The island is named after the famous mining town of Newcastle-upon-Tyne, Northumberland, England when coal was discovered in 1849. Coal was an important commodity in the mid-19th century. The British needed a colony on the west coast of North America to provide good quality coal for their steamships. After a failed mining attempt in Fort Rupert in 1830, Newcastle Island and Nanaimo became honeycombed with mining tunnels.
Nanaimo’s very existence could not have happened without the Native chief Che-wech-i-kan. One day in December 1849, while in Fort Victoria getting his gun repaired, Che-wech-i-kan saw the blacksmith using coal in his fire. He told the blacksmith that he knew of a location where coal was in abundance. This information was quickly passed on to Joseph McKay, a company clerk, who investigated the matter. In exchange for a bottle of rum and to have his gun repaired for free, McKay asked Che-wech-i-kan to bring proof of his claim. After months without seeing Che-wech-i-kan again, McKay and Governor James Douglas gave up on him. In April 1850, approximately fifteen months after his initial appearance in this blacksmith’s shop, Che-wech-i-kan returned with a canoe full of coal. This coal proved to be superior to the coal being mined at the current site at Fort Rupert. Although Newcastle Island coal was better than that found at Fort Rupert, it was another two years before any coal was mined there in hopes that Fort Rupert’s mines would be sufficient. In 1852, a mine was sunk on Newcastle Island and 50 tons of coal was collected in one day. In honour of Che-wech-i-kan’s discovery, he earned the name Coal Tyee, meaning Great Coal Chief and McKay Point was named for Joseph McKay because of all the work he did for the island.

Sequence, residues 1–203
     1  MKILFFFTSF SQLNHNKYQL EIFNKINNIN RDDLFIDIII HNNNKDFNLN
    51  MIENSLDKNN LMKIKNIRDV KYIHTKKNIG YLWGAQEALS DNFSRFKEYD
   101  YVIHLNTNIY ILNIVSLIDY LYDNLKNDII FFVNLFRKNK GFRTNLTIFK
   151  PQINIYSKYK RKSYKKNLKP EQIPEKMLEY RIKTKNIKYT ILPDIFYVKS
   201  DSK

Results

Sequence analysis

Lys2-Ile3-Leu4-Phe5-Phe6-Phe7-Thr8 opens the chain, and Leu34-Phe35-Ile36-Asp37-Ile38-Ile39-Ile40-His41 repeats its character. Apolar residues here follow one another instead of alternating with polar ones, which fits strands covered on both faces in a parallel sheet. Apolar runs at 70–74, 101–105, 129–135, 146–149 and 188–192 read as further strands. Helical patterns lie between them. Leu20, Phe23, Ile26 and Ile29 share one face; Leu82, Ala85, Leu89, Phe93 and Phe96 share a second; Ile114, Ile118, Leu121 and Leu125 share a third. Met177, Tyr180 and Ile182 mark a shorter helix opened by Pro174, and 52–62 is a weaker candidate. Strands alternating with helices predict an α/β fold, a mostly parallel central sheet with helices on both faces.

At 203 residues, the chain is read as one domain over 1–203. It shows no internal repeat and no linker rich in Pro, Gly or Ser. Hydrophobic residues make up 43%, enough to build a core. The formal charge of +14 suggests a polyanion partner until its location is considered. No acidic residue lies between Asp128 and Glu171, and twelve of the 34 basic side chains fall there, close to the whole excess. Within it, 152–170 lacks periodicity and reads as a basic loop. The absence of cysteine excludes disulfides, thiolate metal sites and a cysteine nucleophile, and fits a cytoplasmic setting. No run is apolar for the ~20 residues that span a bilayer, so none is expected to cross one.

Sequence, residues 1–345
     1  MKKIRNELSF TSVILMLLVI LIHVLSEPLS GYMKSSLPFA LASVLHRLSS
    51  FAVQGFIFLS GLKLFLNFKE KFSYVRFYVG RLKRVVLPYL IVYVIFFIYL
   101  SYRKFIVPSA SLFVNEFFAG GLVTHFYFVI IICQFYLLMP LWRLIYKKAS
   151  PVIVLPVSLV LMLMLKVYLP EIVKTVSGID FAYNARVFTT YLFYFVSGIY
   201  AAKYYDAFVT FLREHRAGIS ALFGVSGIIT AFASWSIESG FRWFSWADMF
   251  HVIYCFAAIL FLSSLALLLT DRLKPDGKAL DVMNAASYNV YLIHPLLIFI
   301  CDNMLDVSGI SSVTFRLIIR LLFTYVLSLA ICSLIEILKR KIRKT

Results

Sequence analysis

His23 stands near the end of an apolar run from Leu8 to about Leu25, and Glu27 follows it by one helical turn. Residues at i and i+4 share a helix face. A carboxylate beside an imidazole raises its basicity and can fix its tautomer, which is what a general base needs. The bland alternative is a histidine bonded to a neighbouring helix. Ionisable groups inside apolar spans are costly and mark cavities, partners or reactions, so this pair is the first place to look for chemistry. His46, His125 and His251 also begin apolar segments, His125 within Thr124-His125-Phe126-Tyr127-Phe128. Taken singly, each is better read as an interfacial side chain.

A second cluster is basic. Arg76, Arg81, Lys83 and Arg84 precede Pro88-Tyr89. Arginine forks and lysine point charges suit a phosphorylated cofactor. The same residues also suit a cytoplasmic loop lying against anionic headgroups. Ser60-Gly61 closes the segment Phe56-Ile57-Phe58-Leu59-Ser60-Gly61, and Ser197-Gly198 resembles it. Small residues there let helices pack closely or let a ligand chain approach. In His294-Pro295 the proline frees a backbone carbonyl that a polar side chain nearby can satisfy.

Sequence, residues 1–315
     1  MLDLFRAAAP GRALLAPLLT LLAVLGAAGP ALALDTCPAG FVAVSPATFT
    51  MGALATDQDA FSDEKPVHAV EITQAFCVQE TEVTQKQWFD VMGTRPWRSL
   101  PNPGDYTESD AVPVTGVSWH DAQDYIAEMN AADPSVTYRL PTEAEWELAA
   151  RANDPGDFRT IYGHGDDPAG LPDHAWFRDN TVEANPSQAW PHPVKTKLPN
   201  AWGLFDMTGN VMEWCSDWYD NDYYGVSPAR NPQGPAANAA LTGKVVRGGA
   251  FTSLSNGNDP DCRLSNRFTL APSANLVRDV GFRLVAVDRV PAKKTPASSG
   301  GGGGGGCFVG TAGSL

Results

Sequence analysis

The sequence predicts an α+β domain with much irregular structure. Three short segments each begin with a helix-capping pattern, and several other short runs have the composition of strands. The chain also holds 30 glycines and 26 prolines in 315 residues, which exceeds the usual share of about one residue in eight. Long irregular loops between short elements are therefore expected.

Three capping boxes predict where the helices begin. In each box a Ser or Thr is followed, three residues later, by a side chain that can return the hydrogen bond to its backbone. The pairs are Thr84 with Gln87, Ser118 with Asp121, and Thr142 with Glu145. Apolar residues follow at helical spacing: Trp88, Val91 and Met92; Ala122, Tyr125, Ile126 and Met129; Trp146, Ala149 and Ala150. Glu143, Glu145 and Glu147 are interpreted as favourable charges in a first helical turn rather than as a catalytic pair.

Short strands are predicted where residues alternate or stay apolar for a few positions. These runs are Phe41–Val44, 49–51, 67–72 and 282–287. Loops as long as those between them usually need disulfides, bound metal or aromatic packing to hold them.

The two mines on Newcastle Island were called the Fitzwilliam and the Newcastle mines. The Newcastle Mine was open from 1853–56 and was along the Newcastle seam. The Fitzwilliam Mine was open from 1872–82 and was located along the Douglas seam. Both seams ran across the island and over to Nanaimo or to the nearby islands, like Protection Island.
In the month of September 1852 alone, 480 barrels of coal collected from surface seams were shipped from Newcastle Island to Victoria to make a yearly total of 200 tons. At the beginning, native Snuneymuxw and the miners from Fort Rupert worked the mines but by 1854, miners were coming from England. Miners would work in 14-day shifts, spending their off days in Nanaimo with their families.
In 1862, the Hudson’s Bay Company sold their coalfields, including Newcastle Island, to the Vancouver Coal Mining and Land Company right before a series of strikes took place over the poor working conditions of the Nanaimo and Newcastle Island mines. There were no routine checks of the mines and the unskilled labour that was hired created an unsafe working atmosphere. Dead rats rather than canaries told those miners when to abandon the mine. The wages provided by the new Vancouver company were likely based on skill set and ability to understand English. The wage per day for a white person ranged from $1.75 – $3.75 when those of the Natives were only $1.25 – $1.50 and the Chinese $1.12.
As in all mines, people have died in the Newcastle Island mines. The most famous incident was the gas explosion in the Fitzwilliam Mine on September 15, 1876, where three men lost their lives. This earned the mine the reputation as the first Nanaimo mine to have people die in an explosion. Another accident involved only one life, that was William Beck who died in a mine collapse on June 10, 1874.
The mine tunnel that went beneath the Gap from Newcastle Island to Protection Island has its own little story. Similar tunnels went from Protection Island under the sea between Protection and Gabriola Island. People say that the miners could tell the time by listening to the rumble of the walls as the steamships went by, because each ship had its own distinct sound.
Source From Wikipedia, the free encyclopedia